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  • It's 1968 and the sexual, cultural, social revolution is going on full speed. New concepts, ideas and contents are brought into the world of movies, too. And the European filmmakers scene, especially the Italian, is up front. "La rivoluzione sessuale" is one of those progressive, provocative and daring movies. But it's not a good one.

    A professor invites 15 people of various age, gender and profession into a hotel. For 12 days, they have agreed to take part in an experiment: Every day the prof will allot a man and a woman to spend the night together, without any obligations, boundaries, love. His son Giorgio falls for the beautiful Stella and can't stand it seeing her allotted to other men. Others leave the experiment early or don't take it seriously. Tensions arise everywhere…

    This was certainly a new and interesting concept, trying to replicate the feeling of the hippie communities of the time, but in a more controlled environment. In today's media, swinging and adultery is omnipresent and has lost all taboo, but in 1968, this was still new and certainly fascinating to audiences. So this must be taken into account when criticizing the movie for being slow, boring, and comparably tame – which it is. After all there are a few glimpses of nudity.

    We get to see the regular draw, then the couples move into their rooms. Some get right into the action, others talk, and in a few cases, nothing is going on. Most of the characters remain shallow and uninteresting – you don't really care if they sleep together or if they don't. And even when it's becoming evident the experiment isn't really working, the tensions between the participants do not add any value because you just don't care about the characters.

    There is one slight exception – Giorgio, the professors' son, who is in love with one of the girls, is characterized a little bit better and you can reasonably understand his motivation. He's played by Ruggero Miti, who also played the weird kid in "Top Sensation", he performs quite well in both parts.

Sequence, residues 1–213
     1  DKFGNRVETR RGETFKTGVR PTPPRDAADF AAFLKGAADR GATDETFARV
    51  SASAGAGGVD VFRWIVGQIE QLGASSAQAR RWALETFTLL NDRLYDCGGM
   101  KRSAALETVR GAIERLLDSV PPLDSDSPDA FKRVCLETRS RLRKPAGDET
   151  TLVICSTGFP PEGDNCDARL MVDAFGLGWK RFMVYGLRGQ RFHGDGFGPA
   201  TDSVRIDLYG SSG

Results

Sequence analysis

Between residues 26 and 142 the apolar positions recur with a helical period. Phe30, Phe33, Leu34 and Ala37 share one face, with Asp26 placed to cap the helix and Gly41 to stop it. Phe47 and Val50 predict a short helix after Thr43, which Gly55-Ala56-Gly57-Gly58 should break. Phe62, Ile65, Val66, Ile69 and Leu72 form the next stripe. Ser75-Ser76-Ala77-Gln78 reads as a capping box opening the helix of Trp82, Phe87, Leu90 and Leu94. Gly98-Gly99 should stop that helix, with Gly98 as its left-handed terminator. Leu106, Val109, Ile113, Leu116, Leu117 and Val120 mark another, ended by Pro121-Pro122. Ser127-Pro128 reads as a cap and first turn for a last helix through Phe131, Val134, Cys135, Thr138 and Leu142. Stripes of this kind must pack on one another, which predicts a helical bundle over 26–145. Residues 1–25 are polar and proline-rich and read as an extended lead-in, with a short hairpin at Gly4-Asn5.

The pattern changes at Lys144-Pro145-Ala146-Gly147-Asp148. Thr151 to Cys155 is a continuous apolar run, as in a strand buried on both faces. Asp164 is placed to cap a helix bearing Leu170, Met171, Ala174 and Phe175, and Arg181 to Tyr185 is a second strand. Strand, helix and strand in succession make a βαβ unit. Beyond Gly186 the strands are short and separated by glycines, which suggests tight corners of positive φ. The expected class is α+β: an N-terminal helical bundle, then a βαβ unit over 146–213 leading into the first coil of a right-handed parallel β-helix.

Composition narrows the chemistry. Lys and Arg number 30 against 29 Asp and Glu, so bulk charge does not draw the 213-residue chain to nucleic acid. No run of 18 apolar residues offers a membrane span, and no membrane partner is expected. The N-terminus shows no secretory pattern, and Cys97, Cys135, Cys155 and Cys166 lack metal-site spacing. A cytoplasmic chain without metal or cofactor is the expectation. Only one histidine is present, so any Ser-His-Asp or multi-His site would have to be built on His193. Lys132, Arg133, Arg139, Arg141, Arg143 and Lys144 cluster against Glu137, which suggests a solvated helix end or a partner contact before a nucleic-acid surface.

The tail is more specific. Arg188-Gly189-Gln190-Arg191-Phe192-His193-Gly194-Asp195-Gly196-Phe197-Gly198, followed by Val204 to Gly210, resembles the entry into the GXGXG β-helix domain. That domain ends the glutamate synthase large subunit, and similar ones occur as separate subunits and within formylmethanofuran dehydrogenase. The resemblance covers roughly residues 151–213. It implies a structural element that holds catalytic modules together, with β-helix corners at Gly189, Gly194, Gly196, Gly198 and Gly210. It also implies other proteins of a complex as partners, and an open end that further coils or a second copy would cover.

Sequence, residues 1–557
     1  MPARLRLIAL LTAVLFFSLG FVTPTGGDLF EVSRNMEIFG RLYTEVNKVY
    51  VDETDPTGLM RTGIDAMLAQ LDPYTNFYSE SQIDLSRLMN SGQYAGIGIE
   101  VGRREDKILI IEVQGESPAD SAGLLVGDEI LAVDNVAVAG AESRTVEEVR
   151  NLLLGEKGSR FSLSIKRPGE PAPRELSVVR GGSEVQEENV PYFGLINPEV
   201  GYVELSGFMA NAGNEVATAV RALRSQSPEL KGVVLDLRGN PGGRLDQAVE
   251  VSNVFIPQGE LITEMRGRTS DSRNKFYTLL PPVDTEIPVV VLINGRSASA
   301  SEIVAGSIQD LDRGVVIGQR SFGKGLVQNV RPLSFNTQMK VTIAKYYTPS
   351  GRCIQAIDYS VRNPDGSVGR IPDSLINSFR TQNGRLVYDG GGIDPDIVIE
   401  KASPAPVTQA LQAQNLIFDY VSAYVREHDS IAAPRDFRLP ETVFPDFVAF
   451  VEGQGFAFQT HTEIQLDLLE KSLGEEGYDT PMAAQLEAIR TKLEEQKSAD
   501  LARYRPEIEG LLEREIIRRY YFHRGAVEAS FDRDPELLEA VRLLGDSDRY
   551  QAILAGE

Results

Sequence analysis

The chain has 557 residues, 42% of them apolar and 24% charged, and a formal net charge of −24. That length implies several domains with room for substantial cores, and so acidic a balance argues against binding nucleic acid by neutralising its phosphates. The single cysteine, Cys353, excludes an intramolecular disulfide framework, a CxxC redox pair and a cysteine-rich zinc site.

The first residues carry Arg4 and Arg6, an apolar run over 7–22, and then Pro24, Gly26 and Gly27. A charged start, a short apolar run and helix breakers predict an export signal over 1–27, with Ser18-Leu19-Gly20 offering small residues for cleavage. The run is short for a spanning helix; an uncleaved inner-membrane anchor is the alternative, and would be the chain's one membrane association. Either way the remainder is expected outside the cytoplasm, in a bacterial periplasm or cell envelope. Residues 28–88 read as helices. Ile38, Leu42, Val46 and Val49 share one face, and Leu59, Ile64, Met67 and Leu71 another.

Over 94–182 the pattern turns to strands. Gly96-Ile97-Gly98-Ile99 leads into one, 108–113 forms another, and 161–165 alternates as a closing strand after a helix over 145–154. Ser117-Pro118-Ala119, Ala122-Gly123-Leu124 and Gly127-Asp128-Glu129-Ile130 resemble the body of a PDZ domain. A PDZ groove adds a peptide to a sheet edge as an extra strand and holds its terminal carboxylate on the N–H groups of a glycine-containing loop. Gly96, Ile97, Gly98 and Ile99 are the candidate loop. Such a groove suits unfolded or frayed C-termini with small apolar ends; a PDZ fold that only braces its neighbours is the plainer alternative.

The aforementioned Stella is played by the very young and beautiful Laura Antonelli. By that time, she transitioned from TV and fotonovelas to the big screen. But this Stella is not a well-written part – she just does what everybody wants her to, walking around like after a lobotomy, claiming she's a free woman, but behaving more like an engaged hooker, and boy are her lines stupid…

    The screenplay is co-written by Dario Argento, whose later works are well known for fantastic visuals and atmosphere, but also for plot holes and incomprehensible character behavior. Especially the latter can be stressed for "Sexual Revolution". The weirdness begins when the professor introduces a stimulation chamber (it looks like a shower cubicle) that is apparently increasing the horniness of the girls. Almost sci-fi, it divulges the actually interesting premise to ridiculousness. Between the nightly gatherings, we get to see totally crazy parties and orgies in which the characters dance around either in the nude or in bizarre costumes. None of all that helps to build psychologic depth that this movie would need to work.

    Well I watched this just because of Laura Antonelli. She didn't have too many 1960ies movies with large parts, but if you're just in for her, you'd better go for "Venere in pelliccia". I won't rate the movie, although I think you could say the deficiencies are obvious and can be witnessed without any subjectivity. An interesting concept not handled too well.